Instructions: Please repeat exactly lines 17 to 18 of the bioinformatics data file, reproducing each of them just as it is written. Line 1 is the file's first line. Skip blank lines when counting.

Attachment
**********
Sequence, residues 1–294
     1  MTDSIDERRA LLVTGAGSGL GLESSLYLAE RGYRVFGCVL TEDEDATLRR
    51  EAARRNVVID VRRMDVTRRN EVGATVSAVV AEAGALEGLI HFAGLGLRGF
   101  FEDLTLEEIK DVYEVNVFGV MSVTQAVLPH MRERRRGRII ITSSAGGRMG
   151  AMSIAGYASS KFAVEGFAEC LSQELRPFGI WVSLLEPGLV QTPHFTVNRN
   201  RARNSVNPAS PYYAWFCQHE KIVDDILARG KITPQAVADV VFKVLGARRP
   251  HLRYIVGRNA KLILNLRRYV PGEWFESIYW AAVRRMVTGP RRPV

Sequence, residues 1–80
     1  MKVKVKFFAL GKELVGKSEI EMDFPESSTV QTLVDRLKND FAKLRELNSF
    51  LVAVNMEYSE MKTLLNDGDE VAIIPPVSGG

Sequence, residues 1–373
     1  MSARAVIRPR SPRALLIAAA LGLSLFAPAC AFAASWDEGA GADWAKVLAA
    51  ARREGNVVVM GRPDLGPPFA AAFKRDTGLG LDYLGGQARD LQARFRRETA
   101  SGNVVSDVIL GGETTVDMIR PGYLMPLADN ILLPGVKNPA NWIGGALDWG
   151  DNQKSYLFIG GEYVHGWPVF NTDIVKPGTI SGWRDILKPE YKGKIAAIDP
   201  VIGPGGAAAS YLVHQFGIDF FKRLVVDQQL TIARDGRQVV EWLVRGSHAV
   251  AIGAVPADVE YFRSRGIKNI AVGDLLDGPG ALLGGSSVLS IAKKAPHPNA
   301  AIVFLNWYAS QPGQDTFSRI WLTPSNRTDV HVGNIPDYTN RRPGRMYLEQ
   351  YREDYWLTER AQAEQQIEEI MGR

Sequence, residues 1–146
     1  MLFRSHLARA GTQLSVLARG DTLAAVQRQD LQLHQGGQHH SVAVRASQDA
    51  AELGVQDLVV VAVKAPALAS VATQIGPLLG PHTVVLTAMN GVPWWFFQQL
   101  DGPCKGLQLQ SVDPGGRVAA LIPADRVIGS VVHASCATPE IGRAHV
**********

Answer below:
   251  AIGAVPADVE YFRSRGIKNI AVGDLLDGPG ALLGGSSVLS IAKKAPHPNA
   301  AIVFLNWYAS QPGQDTFSRI WLTPSNRTDV HVGNIPDYTN RRPGRMYLEQ